Linking eye morphology to functionality

Main area:Marine biology
 
Target group:Biology
 
Educational level:Bachelor, Masters
 
Project description:

Meiofaunal animals are small (less than 1mm in size) and live mainly between the sand grains of sediments, often in marine environments. While some of them have developed eyes, others have reduced them and rely on other senses. Members of the two different genera Trilobodrilus and Dinophilus of the family Dinophilidae show a rather similar overall morphology, however, their habitat (in the sediment vs. on the biofilm on its surface) as well as their behaviour (migrations in the sediment, phototaxis, …) differs. While Dinophilus has clearly formed eyes with two sensory cells and one supporting cell, Trilobodrilus does not have eyes, but anterior ciliated sensory organs, which might resemble the eyes of Protodrilidae (another microscopic group of worms). It has not been tested yet what these ciliated sensory organs look like ultrastructurally, how they are connected to the nervous system, and how they influence behaviour and therefore might affect the behaviour of these animals, especially their reaction to light. These morphological and behavioural studies will be supplemented with electrophysiological measurements in light- and dark-exposed animals of the eyes and ciliated sensory organs to further specify the functionality of the respective sensory cells.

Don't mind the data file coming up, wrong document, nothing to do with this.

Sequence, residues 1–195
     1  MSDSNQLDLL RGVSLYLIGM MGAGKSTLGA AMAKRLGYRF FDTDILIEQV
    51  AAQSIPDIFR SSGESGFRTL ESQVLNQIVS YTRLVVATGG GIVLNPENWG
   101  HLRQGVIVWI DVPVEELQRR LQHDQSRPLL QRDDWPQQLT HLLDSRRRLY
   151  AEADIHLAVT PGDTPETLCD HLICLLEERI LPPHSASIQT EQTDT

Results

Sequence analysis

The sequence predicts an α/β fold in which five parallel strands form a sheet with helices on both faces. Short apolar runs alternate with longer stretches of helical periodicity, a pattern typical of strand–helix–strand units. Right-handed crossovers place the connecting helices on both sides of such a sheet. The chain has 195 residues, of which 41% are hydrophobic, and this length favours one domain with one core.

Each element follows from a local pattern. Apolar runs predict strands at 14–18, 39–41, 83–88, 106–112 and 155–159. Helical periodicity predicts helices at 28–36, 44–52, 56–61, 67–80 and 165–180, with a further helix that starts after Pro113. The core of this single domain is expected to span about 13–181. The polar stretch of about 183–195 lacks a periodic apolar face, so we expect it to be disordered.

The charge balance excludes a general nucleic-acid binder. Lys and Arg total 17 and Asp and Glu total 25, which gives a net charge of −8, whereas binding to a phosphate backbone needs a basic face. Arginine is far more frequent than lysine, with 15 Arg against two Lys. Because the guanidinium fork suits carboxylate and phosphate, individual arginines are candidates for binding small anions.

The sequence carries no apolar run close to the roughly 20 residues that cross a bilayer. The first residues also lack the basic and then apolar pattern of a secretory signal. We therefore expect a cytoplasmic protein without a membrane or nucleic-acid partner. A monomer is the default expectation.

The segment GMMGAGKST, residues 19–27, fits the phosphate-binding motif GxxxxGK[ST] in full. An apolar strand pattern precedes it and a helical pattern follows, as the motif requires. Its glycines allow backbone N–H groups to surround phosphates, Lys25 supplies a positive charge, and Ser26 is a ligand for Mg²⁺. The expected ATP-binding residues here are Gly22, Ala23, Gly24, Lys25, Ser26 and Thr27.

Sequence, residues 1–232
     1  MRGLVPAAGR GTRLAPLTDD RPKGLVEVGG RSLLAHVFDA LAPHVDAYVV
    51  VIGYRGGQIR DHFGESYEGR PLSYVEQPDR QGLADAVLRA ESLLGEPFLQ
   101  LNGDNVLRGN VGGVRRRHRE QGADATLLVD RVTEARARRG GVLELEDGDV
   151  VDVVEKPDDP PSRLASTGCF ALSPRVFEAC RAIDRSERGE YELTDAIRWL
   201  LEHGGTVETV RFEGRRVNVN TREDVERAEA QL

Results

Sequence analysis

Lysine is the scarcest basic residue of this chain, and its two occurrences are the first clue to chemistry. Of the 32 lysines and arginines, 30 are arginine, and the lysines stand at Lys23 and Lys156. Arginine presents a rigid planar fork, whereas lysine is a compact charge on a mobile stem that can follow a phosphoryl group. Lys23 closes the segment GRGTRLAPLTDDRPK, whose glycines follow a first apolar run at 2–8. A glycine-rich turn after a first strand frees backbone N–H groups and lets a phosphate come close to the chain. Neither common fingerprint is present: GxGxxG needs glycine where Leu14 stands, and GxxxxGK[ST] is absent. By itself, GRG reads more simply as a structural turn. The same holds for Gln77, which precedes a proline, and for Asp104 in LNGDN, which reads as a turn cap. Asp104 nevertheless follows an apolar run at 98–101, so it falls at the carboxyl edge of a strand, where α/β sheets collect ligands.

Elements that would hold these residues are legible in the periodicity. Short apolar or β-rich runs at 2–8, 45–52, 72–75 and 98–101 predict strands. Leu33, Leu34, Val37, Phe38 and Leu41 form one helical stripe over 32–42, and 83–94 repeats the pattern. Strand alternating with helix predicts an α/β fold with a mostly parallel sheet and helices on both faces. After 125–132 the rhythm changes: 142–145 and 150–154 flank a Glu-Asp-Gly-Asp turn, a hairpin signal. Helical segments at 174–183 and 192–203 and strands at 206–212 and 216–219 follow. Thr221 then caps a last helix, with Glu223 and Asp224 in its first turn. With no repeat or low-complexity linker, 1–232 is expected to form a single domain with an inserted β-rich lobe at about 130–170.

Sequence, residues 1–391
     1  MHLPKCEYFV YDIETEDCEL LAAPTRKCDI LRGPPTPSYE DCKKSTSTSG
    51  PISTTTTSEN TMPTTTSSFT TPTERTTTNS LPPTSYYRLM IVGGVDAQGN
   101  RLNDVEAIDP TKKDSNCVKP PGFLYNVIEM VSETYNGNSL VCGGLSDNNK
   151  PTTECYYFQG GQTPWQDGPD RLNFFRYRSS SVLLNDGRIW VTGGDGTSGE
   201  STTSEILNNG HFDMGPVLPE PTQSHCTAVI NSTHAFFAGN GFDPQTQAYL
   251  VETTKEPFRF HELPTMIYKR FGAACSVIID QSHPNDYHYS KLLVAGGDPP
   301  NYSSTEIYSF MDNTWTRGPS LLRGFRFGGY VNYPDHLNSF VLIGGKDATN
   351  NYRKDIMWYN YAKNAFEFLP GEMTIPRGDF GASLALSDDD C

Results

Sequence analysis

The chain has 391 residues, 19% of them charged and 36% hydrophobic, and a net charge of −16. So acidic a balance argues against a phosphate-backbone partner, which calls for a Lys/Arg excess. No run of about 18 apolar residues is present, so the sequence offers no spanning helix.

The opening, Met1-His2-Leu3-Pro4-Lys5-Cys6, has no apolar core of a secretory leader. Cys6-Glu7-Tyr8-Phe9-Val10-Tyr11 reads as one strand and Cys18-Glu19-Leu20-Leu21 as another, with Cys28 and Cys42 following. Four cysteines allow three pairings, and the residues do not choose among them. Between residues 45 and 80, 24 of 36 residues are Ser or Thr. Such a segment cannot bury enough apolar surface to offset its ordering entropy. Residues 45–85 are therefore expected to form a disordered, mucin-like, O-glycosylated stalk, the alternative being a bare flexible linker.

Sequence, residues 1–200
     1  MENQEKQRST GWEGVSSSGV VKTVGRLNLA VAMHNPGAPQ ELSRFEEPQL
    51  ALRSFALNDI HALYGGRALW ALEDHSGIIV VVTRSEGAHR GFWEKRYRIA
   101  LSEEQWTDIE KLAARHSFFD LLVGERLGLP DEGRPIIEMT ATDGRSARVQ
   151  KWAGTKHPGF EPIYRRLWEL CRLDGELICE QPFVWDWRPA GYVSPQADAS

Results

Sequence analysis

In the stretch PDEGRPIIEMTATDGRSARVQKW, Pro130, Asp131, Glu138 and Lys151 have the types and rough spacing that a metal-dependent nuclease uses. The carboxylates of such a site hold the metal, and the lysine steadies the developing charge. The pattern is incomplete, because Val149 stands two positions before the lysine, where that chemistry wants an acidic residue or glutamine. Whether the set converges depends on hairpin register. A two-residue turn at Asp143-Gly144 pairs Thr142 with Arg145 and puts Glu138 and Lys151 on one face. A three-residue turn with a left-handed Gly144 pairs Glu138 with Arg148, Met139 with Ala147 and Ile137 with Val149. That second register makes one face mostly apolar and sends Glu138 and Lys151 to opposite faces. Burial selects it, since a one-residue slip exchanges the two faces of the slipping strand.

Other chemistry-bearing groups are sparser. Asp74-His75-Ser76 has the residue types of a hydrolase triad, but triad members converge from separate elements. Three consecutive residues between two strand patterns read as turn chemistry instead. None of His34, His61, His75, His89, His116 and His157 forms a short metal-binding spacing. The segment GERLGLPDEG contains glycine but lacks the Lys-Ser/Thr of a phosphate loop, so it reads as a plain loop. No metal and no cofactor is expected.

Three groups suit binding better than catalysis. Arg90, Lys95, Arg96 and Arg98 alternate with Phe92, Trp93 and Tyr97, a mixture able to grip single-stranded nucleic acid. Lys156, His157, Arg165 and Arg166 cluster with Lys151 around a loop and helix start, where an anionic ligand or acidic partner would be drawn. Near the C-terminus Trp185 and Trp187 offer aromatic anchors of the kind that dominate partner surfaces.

The overall objective of this study is to study the morphological basis of behaviour and therefore analyse the detailed ultrastructure and behaviour in several different assays of two related animal species, which differ in their life style and habitat. Based on the outcome of the study, the results will be published in a journal aiming at vision.

 
Methods used:Microscopy (light microscopy, electron microscopy, confocal laser scanning microscopy), immunohistochemistry, histology, behavioural analyses
 
Keywords:eyes, nervous system, sensory organ, phototaxis
 
Supervisor(s):  Katrine Worsaae
 
Email:kworsaae@bio.ku.dk